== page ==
12th January 1943

High wind, and rain beating against the windows at 7 o’clock this morning.  Rather late starting, and did not get to the office until 9.15.  Tremendous hurry all day to get the 1943 Cropping Forms off.  Managed to get some 500 posted but about 100 were held up by lack of forms, to send with them.  We phoned Writtle, and the Managing Clerk was very rude about our failure to get the whole lot posted on one day, although it is entirely the fault of Headquarters that insufficient forms were sent.

Dull all day, and rain at times, but for some reason I did not feel nervous.  It was in point of fact an excellent day for an attack, yet I felt no sense of alarm.  Why is this?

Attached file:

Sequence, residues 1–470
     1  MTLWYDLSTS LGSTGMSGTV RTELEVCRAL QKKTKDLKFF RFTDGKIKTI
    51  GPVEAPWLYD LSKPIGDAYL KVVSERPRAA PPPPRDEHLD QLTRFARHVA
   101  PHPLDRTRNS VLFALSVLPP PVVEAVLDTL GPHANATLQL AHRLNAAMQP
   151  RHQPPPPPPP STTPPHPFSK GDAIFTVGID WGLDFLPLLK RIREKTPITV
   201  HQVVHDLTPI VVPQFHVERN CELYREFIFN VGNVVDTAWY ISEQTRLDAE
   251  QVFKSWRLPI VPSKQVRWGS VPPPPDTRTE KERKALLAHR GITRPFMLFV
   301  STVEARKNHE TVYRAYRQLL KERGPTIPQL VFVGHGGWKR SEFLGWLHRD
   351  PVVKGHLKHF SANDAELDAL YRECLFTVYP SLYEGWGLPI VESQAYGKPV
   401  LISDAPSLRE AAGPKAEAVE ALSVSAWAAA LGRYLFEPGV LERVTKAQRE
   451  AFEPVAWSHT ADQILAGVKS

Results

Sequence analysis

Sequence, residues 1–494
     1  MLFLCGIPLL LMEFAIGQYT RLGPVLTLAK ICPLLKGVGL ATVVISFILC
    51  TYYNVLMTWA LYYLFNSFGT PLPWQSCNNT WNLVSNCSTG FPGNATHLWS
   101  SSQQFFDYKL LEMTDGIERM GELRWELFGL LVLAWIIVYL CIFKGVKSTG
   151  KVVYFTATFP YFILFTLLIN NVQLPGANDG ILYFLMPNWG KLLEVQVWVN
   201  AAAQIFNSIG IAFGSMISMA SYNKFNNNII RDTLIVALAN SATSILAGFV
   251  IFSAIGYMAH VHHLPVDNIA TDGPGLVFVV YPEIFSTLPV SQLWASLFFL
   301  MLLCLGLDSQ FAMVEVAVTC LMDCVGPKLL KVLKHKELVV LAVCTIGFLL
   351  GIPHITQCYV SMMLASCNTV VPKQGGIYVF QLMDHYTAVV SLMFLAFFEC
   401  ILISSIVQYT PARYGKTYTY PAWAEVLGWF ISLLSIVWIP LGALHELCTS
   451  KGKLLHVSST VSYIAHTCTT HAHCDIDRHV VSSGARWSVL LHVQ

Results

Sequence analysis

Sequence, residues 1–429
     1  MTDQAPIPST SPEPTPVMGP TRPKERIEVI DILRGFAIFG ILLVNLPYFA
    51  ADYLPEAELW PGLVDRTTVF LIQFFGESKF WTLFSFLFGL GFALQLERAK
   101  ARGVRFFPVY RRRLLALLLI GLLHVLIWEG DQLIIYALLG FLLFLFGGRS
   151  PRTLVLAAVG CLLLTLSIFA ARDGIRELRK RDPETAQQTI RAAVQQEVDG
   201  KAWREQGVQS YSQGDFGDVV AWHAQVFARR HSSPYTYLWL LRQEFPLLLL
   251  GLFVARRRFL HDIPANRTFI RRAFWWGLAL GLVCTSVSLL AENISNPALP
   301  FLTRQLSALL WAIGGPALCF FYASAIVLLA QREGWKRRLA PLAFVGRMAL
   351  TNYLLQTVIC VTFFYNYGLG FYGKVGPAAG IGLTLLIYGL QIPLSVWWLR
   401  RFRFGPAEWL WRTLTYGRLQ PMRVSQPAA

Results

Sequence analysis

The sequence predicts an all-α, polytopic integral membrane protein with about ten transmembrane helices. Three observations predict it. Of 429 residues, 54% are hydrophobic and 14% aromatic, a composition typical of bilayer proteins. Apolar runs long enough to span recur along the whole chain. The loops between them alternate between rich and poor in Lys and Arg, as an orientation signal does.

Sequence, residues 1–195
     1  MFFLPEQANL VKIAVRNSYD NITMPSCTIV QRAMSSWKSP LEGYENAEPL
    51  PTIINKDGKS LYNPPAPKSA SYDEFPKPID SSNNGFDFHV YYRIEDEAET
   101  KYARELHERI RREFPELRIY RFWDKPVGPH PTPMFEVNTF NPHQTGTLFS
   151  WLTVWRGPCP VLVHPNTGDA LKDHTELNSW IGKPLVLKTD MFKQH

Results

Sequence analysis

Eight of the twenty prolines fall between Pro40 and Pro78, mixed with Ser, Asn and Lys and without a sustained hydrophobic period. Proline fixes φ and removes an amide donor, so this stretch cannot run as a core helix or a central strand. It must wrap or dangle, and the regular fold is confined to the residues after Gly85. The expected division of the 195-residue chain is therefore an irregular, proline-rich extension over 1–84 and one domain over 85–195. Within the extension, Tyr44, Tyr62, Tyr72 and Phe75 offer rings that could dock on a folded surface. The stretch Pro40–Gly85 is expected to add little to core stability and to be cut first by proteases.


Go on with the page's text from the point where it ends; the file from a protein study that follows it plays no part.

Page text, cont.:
Out at 5, and called at Boasts’ to see a little trolley.  It is not very good, but I thought I might as well have it at £10-10-0.  I think it will come in quite useful for me.  Also bought an old chaff cutter from some gypsy dealers in a yard next to Boasts’, for Eileen Grubb.  Agreed to give them £1 for it, after offering 15/-

Got back to Lawford early.  Drizzle starting.

It is said that bombs yesterday morning fell at Heybridge, killed 3 or 4 people, and damaged the church, but how seriously I do not know.  Hope to get information later.

In a recent book on post-war reconstruction, G.H. Cole wrote very slightingly of British corn growing.  Parry took great exception to this, and wrote to him, offering to send him a loaf made from best English wheat, to let him see how good it is.  He replied gratefully, and said he would be glad to try a loaf made from “old-fashioned flour”.

Parry got a biography of Arthur Young today, called “Sheep & Turnips”, by A. Defries.  Began to read it tonight.

Heavy rain during the evening, and the wind very wild.

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